Probability theory

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Probability theory is a field of mathematics, it studies random variables and processes. The evolution of these processes and variables over time take many possible paths departing from the same initial condition and doesn't follow deterministic rules. Such evolution can be mathematically represented in the form of a probability distribution.

The basic axioms of probability theory can be intuitively stated as:

  • The sum of the probabilities of all elementary events is 1.
  • For any pair of arbitrary events, the joint probability of both is given by the sum of the probabilities of the elementary events which are subsets of both of them at the same time.
  • For any pair of arbitrary events, the disjoint probability of both is given by the sum of the probabilities of the elementary events which are subsets of at least one of them.

Although most of the basics and axioms of probability theory are uncontroversial, the interpretations, usages, and relative importance given to each result vary. There are two main interpretations of the concept of probability: the Bayesian (subjectivist, epistemic or evidential) and the frequentist (objectivist) [1]. The latter was the major and standard view from late 19th century until the late 20th century, when the Bayesian interpretation gained popularity in many fields of science and philosophy[2]. Bayesian networks show themselves to be extremely fruitful in the field of Artificial Intelligence.

The Bayesian interpretation of probability theory aims to model the correct way rational thinking ought to be when bounded by ignorance and uncertainty [3]. It's considered by many others fields as providing the golden reference for rationality – i.e.: in the study of cognitive biases. Its main theorem, Bayes' theorem, follows directly from the basic Probability Axioms, and describe the basics relations between dependent probabilities. Bayesians see this result as prescribing a method on how to update one’s probabilities given evidence, and this update as a defining aspect of the concept of probability. Whereas frequenstists tend to based their view of probability in the Law of Large Numbers, holding the expected probability of an individual event must be close to the average of the results obtained from a large number of trials.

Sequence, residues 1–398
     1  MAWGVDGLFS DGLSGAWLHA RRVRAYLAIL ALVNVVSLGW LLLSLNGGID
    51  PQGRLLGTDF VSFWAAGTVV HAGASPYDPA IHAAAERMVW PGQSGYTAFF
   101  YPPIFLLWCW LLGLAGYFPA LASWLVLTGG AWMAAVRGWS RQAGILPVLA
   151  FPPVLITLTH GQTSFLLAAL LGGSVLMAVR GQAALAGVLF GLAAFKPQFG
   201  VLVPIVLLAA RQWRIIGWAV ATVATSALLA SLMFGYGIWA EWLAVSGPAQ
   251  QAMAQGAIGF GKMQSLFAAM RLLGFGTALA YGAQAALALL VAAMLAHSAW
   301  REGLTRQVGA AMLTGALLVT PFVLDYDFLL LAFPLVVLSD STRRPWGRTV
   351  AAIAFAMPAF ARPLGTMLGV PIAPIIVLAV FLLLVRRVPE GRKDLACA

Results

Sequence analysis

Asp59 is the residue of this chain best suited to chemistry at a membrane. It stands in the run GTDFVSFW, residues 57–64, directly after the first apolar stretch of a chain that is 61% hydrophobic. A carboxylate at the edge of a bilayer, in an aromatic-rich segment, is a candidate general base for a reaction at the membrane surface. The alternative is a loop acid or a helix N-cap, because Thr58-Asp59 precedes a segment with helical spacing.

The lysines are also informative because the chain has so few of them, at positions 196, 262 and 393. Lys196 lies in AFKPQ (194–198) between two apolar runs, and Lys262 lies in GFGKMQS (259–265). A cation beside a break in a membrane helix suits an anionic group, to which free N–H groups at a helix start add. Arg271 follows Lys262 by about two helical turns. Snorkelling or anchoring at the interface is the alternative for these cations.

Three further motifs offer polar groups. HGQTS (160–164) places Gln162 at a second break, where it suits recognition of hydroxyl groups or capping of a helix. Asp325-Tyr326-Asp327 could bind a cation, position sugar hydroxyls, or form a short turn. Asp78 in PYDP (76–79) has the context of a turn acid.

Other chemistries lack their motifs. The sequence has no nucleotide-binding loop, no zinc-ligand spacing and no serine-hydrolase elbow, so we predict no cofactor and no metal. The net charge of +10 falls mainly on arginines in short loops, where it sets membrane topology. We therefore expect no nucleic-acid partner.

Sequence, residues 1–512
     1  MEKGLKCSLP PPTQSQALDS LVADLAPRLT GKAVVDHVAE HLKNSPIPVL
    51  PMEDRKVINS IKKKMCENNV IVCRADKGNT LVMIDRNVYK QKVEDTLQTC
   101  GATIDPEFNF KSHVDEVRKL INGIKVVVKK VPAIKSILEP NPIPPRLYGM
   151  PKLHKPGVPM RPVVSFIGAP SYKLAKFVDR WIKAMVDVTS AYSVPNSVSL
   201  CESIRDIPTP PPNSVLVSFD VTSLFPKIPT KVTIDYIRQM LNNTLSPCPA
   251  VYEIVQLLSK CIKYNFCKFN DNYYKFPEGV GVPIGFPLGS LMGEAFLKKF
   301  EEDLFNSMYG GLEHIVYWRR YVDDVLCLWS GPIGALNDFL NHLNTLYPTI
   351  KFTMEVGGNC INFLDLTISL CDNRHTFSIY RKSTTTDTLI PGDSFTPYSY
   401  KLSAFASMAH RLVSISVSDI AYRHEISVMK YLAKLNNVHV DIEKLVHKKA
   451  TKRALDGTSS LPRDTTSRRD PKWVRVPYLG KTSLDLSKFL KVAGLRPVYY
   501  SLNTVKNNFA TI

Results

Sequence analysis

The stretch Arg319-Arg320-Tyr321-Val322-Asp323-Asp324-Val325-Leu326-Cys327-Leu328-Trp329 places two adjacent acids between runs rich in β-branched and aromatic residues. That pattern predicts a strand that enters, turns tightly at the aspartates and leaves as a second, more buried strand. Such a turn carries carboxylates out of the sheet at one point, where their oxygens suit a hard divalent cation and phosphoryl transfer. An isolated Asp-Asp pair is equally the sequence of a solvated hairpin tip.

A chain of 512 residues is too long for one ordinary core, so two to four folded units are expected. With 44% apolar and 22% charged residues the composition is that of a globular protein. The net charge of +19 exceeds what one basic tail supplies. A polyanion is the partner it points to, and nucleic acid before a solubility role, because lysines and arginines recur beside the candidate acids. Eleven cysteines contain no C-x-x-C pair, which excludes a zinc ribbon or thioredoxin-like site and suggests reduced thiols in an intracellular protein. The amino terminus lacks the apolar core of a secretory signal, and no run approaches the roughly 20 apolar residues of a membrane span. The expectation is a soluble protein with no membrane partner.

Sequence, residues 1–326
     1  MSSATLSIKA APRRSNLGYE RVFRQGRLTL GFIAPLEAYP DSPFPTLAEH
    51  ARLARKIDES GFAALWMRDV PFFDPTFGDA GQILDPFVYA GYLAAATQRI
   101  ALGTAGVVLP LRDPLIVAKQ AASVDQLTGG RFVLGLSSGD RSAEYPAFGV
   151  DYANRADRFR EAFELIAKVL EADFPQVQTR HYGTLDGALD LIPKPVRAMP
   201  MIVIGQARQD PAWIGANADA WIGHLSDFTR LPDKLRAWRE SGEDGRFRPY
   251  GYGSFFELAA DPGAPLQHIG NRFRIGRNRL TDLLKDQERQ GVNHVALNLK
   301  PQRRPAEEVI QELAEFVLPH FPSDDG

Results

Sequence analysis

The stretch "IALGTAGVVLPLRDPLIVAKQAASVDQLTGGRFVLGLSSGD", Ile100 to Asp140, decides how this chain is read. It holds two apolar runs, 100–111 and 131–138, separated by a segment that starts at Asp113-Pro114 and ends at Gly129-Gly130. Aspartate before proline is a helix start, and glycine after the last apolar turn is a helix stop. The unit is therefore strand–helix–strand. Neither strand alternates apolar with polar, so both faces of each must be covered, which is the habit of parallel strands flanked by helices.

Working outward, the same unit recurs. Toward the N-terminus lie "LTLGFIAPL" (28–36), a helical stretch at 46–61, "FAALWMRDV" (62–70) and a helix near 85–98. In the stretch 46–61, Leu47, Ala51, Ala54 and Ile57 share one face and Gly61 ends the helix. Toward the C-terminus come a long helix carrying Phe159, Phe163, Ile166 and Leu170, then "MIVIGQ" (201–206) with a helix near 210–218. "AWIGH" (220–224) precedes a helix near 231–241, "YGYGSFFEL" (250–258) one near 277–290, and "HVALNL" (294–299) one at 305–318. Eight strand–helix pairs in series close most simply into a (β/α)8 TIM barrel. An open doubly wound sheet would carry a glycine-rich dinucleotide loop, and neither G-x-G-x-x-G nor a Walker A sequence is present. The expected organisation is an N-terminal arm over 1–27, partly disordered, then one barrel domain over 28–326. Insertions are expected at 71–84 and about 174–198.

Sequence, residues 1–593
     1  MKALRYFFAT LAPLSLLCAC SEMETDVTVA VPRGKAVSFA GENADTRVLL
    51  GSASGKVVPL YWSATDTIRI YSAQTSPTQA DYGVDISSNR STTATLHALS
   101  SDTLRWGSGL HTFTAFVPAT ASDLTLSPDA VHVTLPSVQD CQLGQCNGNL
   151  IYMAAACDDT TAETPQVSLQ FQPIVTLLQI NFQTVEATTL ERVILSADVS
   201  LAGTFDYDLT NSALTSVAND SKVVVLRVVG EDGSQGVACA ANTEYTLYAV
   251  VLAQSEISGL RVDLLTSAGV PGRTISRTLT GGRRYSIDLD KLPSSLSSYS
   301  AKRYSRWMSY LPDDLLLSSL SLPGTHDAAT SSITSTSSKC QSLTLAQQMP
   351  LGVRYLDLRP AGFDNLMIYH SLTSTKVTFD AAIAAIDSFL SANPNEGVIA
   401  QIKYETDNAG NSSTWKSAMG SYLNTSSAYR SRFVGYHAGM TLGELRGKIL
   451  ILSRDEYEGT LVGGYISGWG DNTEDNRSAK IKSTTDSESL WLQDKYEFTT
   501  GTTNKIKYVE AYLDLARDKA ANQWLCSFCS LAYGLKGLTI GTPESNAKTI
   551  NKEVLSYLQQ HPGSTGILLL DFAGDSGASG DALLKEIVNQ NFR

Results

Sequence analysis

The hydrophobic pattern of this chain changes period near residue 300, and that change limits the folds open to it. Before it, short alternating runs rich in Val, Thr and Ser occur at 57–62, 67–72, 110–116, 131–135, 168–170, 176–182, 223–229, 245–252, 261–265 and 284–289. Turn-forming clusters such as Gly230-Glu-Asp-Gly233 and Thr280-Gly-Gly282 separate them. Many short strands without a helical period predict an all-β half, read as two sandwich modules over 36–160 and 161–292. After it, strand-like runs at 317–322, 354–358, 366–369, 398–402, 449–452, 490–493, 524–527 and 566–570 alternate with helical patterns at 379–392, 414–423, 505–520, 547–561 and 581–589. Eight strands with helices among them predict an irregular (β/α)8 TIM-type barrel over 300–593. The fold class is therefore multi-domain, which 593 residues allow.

In the Bayesian interpretation, probability is seem as a belief about the credence of an event[4] [5], whereas frequentist interpretations hold that probability is an objective property of a physical system, a propensity on some accounts[6]. An event with Bayesian probability of .6 (or 60%) should be interpreted as stating "With confidence 60%, this event contains the true outcome", whereas a frequentist interpretation would view it as stating "Over 100 trials, we should observe event X approximately 60 times." The Bayesian interpretation holds one should recursively applied the theorem in order to update his beliefs, when presented with new evidence the previous estimation becomes a prior to the next. It’s possible to assign probabilities to ideas or prepositions which aren’t empirical. Given some prior assumptions, in some cases the Bayesian probability can be made to be equal with the empirical frequencies[7] [8].

Many philosophers have argued for a complementary view of probability[9] [10] [8] [7], where both interpretations have their places and value. In "A Subjectivist's Guide to Objective Chance", David Lewis has constructed a view where one can incorporate the frequentist interpretation (objective, chance) inside the Bayesian (subjective, credence) as special case. The frequentist probability is a case of a Bayesian probability conditionalized on truth or empirical evidence: "Chance is objectified subjective probability(...). Objectified credence is credence conditional on the truth." [8]

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Notes and References

  1. It’s worth mentioning that inside the Bayesian interpretation, there are also views called objectivists.
  2. WOLPERT, R.L. (2004) “A conversation with James O. Berger”, Statistical science, 9, 205–218.
  3. KORB, Kevin & NICHOLSON, Ann. (2010) "Bayesian Artificial Intelligence". CRC Press. p. 28
  4. BERNARDO, J. M. & SMITH, A. F. M. (1994) “Bayesian Theory”. Wiley.
  5. JAYNES, E. T. (1996) ”Probability theory: The logic of science. Available from
  6. POPPER, Karl.(1959) "The propensity interpretation of probability" The British Journal of the Philosophy of Science, Vol. 10, No. 37. (May, 1959), pp.25-42. Available at:
  7. 7.0 7.1 COX, R. T. (1946) “Probability, frequency and reasonable expectation, American Journal of Physics, vol. 14, no. 1, pp. 1-13
  8. 8.0 8.1 8.2 LEWIS, David. (1980). “A Subjectivist's Guide to Objective Chance”. In JEFFREY, Richard C. (ed.), Studies in Inductive Logic and Probability. University of California Press. Available at:
  9. CARNAP, Rudolf. (1945). "The Two Concepts of Probability", Philosophy and Phenomenological Research 5, 513-532.
  10. JEFFREY, Richard C. (1965). "The Logic of Decision." New York: McGraw-Hill.

See also